IPT for children with anaemia
Researchers from Tanzania and South Africa, who are part of the Cochrane Infectious Disease Group, hosted at LSTM, have conducted an independent review to assess the effect of intermittent preventive antimalarial treatment for children with anaemia living in malaria endemic regions.
Safety first, children
Children are experts at getting into danger. So, how can parents help prevent the consequences?

Related Children Reading:

Best Science Podcasts 2019

We have hand picked the best science podcasts for 2019. Sit back and enjoy new science podcasts updated daily from your favorite science news services and scientists.
Now Playing: TED Radio Hour

Setbacks
Failure can feel lonely and final. But can we learn from failure, even reframe it, to feel more like a temporary setback? This hour, TED speakers on changing a crushing defeat into a stepping stone. Guests include entrepreneur Leticia Gasca, psychology professor Alison Ledgerwood, astronomer Phil Plait, former professional athlete Charly Haversat, and UPS training manager Jon Bowers.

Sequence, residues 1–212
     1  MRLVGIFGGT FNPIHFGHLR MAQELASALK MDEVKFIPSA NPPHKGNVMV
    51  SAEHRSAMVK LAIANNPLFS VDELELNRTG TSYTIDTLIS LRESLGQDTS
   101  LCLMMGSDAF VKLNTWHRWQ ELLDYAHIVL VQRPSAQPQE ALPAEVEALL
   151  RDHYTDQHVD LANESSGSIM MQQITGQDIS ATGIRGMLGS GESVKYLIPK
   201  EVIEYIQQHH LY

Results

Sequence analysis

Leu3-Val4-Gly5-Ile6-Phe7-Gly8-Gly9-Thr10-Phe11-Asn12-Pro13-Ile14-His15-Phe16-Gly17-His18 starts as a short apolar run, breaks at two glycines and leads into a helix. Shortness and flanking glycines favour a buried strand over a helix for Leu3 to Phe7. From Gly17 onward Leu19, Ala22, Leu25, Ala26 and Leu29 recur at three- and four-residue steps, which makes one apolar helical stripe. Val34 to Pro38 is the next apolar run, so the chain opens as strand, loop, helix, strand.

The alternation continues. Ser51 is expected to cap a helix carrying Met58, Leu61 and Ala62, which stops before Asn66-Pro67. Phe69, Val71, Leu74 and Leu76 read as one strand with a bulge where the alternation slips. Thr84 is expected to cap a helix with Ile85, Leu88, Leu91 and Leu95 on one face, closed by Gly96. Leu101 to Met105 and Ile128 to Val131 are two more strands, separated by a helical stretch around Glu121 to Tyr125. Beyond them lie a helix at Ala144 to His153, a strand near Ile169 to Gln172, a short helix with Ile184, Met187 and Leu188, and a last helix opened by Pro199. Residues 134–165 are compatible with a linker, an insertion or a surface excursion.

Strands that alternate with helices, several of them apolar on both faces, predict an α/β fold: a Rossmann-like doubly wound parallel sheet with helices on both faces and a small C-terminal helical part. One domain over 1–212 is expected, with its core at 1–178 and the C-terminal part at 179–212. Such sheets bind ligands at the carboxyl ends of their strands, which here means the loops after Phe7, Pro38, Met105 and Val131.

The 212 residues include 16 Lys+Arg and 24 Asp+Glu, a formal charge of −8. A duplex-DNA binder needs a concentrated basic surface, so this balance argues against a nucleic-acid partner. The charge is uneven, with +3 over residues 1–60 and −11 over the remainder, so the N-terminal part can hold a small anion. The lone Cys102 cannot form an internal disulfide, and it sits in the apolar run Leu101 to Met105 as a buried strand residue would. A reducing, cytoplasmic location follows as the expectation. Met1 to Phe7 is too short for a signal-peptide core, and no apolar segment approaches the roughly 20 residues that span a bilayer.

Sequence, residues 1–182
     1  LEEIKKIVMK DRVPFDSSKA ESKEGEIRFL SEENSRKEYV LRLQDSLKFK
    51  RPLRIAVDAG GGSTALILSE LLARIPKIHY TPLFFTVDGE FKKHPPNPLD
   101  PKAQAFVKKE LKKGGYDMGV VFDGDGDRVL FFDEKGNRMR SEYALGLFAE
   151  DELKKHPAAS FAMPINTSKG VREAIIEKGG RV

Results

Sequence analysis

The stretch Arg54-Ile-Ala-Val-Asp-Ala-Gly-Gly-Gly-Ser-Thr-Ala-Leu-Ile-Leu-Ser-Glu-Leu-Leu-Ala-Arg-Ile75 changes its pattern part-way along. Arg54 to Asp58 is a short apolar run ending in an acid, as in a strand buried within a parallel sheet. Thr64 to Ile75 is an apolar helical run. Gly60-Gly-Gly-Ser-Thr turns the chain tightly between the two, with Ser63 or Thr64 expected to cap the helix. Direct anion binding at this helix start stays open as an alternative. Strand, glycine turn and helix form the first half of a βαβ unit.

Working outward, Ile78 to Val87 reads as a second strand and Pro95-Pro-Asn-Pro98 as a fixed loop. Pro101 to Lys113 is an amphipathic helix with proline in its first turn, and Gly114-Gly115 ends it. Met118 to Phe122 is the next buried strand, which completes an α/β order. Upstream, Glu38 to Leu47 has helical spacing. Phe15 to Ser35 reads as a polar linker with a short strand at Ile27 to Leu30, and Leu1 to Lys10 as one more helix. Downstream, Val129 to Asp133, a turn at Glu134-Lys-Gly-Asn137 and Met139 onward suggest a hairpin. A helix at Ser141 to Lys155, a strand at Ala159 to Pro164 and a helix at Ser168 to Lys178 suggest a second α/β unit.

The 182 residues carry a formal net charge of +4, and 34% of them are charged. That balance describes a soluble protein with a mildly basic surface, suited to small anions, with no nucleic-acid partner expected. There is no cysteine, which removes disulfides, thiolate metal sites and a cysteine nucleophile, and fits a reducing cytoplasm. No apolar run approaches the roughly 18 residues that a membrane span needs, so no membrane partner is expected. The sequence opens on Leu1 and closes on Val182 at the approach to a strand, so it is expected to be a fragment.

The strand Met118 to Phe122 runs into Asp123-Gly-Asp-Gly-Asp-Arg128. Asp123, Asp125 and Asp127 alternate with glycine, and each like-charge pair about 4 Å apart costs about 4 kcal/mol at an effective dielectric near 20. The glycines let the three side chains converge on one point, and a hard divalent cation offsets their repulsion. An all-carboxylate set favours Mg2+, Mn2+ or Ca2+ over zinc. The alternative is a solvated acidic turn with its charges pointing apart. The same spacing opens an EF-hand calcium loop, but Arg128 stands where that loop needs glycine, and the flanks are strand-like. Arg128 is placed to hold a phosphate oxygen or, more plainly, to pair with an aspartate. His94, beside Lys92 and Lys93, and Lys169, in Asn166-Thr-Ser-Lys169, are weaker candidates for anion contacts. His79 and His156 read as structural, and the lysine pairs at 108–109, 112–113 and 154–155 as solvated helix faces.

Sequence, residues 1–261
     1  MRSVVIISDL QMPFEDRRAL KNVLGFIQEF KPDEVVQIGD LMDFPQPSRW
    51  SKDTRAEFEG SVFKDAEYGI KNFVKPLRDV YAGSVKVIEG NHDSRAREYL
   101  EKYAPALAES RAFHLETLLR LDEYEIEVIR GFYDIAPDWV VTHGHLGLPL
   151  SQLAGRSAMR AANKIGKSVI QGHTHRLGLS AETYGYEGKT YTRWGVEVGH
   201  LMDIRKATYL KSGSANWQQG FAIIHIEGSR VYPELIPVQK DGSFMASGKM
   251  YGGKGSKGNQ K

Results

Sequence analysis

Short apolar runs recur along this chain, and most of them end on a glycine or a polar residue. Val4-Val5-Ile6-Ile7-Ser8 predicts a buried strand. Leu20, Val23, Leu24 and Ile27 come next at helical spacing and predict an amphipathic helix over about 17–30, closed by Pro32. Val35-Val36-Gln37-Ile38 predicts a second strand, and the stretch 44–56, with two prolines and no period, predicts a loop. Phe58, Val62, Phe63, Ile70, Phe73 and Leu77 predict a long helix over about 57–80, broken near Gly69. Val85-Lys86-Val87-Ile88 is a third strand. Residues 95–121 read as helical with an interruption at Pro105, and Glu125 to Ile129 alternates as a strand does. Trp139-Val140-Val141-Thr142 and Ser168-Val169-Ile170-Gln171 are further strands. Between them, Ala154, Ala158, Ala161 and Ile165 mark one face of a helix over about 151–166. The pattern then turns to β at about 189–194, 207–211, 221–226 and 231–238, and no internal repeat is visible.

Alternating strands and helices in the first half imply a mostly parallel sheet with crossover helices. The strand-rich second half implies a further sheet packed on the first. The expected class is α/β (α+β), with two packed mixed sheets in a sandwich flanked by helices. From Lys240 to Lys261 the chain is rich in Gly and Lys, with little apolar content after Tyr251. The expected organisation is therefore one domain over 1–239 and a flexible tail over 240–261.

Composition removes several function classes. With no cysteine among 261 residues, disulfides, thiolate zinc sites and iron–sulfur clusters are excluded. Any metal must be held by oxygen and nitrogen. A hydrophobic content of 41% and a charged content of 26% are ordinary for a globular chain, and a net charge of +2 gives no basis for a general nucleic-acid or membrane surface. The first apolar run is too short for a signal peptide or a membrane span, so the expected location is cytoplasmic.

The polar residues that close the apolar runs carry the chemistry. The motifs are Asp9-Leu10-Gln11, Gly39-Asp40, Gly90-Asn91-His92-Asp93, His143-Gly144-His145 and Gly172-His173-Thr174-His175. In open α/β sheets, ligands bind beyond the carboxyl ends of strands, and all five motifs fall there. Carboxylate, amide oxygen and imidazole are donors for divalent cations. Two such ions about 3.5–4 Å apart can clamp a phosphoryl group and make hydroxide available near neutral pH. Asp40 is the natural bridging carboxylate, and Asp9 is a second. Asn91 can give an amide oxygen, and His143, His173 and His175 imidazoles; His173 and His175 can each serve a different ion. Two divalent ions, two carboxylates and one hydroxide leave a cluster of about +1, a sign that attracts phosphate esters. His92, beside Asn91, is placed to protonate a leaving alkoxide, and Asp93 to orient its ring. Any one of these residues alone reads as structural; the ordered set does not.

Now Playing: Science for the People

#524 The Human Network
What does a network of humans look like and how does it work? How does information spread? How do decisions and opinions spread? What gets distorted as it moves through the network and why? This week we dig into the ins and outs of human networks with Matthew Jackson, Professor of Economics at Stanford University and author of the book "The Human Network: How Your Social Position Determines Your Power, Beliefs, and Behaviours".